• -1 This is a pretty poor answer for a User Interface discussion thread. The OP asked clear legit UI related questions and you failed to address a single one of them.
    – devios1
    Commented Aug 29, 2013 at 20:21
  • @chaiguy, sorry you didn't find the answer helpful. Remember that a simple answer can still be a good answer. (Though Izhaki has gone to the other extreme in his excellent answer.) The OP actually only asked one question, based on two stated premises. I addressed the main premise (about wristwatches) in a comment, and answered the question here. Commented Aug 31, 2013 at 12:03
  • @chaiguy this is exactly the answer. The clear legit UI reason is that it is the simplest way to fulfil a user need. It is the watch, deskclock, wallclock, phone, etc that is superflous rather than the clock in your primary workspace ie. the desktop in this instance.
    – JamesRyan
    Commented Feb 11, 2014 at 12:50

The desktop clock, or for that matter even the calendar, are primarily meant as a reflection of the date/time that the system is currently following.

The user of the system obviously knows the date/time (from his own watch or phone or otherwise), but he also expects to be reassured that the system he's working on is following the same date/time. For instance, if he is to schedule a task, say at 10PM on a particular date, how can he be sure that the system will execute that task at exactly 10PM of that date? The only way then would be to have the system's time synchronized to his own sense of time, and have it visible and available at all time for confirmation and surety.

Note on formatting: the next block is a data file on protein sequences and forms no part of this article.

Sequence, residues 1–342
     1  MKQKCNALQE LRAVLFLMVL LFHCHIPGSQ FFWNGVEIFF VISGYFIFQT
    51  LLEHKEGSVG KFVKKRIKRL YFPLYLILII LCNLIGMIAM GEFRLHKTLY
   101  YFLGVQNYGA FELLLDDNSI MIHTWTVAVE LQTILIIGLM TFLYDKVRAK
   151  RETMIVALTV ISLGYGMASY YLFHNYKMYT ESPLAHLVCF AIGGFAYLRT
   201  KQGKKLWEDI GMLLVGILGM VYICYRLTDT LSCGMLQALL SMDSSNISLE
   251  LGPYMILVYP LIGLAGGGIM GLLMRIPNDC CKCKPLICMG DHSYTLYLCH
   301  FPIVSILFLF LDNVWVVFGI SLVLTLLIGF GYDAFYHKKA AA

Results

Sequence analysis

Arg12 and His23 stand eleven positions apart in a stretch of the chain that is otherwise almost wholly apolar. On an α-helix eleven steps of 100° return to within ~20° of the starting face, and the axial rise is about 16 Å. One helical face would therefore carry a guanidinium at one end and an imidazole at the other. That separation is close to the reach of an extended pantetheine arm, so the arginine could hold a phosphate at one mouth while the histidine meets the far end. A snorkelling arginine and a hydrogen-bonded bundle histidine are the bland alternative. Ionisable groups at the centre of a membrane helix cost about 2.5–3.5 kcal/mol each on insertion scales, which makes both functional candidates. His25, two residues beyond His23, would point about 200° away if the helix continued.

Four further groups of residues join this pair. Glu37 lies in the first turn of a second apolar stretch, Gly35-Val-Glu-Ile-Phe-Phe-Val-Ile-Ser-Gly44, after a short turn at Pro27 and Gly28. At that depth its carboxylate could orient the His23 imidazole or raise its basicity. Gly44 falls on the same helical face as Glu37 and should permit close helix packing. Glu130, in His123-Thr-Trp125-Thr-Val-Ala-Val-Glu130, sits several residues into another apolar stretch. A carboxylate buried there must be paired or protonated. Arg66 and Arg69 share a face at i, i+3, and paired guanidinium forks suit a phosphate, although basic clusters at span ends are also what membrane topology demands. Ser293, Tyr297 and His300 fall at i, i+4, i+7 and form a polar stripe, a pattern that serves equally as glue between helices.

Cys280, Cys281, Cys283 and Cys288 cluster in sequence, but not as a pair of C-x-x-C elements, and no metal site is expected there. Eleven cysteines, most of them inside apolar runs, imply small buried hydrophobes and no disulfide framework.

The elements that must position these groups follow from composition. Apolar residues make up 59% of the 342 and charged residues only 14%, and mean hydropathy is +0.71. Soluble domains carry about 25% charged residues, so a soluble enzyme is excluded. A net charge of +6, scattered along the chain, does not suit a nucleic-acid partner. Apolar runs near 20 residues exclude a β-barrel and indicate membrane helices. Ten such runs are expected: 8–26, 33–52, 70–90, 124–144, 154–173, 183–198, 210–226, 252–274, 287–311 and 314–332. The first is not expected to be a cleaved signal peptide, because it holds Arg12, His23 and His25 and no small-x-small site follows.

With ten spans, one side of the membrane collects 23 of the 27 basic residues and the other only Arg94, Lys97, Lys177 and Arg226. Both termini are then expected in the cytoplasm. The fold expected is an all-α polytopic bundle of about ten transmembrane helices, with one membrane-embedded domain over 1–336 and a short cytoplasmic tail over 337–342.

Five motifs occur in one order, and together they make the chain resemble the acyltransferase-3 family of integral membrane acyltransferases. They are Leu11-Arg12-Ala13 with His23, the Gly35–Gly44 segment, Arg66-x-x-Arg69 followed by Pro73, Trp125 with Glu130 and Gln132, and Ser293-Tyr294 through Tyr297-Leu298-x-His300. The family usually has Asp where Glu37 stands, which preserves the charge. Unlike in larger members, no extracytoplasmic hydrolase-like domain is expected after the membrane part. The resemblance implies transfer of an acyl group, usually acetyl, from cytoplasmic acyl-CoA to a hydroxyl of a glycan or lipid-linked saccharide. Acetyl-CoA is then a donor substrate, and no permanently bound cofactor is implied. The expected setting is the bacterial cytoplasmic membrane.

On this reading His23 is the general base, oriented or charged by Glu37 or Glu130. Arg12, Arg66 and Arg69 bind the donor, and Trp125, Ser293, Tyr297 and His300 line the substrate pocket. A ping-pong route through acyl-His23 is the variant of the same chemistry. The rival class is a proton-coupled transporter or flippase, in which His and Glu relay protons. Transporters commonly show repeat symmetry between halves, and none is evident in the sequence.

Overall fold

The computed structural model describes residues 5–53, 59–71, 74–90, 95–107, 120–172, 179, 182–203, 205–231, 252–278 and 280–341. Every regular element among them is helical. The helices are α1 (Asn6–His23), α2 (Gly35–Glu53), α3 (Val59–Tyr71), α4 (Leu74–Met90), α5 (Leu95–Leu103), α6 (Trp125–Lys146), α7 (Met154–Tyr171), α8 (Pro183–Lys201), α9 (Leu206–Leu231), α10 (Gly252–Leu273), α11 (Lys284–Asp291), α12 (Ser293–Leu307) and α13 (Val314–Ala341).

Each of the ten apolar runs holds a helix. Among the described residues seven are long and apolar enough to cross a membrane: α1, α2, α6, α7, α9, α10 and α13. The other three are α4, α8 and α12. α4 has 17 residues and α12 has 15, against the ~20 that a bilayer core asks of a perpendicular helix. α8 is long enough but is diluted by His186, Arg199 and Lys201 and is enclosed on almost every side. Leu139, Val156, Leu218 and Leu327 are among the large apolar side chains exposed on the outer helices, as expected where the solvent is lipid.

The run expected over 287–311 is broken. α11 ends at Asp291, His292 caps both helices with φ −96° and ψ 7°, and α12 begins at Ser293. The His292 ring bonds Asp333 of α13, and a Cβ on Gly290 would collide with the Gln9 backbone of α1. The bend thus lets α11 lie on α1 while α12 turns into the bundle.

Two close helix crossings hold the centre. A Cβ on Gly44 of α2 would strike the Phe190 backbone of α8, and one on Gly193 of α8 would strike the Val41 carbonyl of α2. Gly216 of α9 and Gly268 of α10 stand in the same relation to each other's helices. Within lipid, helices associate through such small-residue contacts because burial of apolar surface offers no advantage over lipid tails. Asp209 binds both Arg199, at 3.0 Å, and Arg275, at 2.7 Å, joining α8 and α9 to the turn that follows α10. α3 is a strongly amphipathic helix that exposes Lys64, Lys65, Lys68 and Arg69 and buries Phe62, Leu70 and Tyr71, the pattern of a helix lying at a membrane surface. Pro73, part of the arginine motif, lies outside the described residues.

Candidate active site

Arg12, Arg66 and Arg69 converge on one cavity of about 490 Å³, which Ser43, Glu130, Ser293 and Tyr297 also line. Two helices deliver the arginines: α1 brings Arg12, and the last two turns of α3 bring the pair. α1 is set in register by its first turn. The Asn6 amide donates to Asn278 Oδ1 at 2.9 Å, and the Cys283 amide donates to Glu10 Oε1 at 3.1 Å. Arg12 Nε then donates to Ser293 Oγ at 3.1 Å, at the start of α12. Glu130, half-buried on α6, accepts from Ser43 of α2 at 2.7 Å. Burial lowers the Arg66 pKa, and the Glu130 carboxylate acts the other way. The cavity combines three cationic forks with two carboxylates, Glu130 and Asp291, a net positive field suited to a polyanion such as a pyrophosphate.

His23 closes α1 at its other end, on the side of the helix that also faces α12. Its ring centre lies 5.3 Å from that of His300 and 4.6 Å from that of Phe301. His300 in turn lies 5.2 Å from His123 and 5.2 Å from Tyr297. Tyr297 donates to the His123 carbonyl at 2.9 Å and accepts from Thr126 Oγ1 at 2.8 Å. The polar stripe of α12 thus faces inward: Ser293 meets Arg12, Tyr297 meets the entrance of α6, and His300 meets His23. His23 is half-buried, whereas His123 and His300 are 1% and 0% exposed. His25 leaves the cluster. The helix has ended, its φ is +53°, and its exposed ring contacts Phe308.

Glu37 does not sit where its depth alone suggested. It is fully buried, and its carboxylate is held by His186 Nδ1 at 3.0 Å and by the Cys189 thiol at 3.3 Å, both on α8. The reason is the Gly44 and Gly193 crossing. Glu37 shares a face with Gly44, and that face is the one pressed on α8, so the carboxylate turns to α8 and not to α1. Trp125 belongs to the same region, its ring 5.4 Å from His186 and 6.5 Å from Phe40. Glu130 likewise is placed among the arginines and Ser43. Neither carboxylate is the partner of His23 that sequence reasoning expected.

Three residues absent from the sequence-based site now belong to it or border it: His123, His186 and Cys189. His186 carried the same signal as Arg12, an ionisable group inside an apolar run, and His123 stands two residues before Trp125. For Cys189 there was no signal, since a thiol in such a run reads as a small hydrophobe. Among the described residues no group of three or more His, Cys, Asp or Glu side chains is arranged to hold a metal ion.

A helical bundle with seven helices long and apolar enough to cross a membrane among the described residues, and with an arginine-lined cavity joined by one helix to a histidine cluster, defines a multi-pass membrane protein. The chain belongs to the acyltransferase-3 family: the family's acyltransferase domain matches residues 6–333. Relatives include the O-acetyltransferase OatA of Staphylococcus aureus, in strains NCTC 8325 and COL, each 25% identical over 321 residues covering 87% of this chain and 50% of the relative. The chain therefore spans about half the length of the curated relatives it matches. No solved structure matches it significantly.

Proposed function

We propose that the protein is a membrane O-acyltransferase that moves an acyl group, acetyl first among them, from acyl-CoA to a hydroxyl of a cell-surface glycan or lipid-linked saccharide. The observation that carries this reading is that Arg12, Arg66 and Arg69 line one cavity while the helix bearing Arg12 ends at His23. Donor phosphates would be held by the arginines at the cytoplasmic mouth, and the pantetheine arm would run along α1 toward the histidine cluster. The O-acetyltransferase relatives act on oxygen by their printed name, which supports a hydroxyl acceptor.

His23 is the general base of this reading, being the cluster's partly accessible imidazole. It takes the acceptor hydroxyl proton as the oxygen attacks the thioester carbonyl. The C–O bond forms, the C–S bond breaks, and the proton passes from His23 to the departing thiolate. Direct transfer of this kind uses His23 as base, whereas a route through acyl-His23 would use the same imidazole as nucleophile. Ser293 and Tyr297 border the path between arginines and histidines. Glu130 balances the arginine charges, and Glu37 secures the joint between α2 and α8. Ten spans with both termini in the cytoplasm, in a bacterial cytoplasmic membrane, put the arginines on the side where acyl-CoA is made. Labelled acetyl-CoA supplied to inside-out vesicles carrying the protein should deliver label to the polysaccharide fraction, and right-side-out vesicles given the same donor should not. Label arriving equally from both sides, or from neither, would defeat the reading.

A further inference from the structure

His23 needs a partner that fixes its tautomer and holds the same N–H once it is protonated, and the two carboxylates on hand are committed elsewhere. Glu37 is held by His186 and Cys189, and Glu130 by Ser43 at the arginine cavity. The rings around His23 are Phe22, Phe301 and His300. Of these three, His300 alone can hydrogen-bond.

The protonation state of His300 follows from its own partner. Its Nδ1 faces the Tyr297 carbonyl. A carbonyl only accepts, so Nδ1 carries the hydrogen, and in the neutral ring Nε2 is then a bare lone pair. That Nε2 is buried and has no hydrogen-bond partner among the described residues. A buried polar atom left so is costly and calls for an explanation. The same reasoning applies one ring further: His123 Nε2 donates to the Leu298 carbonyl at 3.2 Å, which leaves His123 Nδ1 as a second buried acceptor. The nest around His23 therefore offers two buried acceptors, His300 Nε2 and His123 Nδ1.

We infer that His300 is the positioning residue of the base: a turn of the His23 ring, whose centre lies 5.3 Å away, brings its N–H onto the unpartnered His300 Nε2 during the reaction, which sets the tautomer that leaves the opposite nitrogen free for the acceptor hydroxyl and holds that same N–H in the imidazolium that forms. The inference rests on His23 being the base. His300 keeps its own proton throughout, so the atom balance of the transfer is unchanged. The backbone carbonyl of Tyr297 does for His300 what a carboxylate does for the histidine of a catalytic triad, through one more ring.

Moreover, it is becoming increasing common to have offices and workspaces spread globally across various time zones. To have one watch for each timezone is completely infeasible, and it is normal for users to often have multiple clocks on their desktops instead -- these are extremely handy when having to schedule meetings or appointments for calls between two parties over different time zones.

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    Also a perfectly sensible control to set the system time. Assuming the person does somehow discover an incorrect time from a scheduling app or file timestamps, it'll be a big pain to search through a mass of unfamiliar control panels to fix it. Commented Aug 23, 2013 at 13:19
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    Exactly. IT professionals and developers need to know that the system clock is set properly or their applications won't work properly.
    – alord1689
    Commented Aug 28, 2013 at 0:42

I'm currently playing arround with extra desktops on windows, and I have to say that I miss the clock there.

I suggest that you test it yourself: Disable the clock in the taskbar. Each time you'll look to it, you will miss it.

A good UX design involves providing the nessecary information to the user without great effort.
The clock can be such a nessecary information, so better provide it.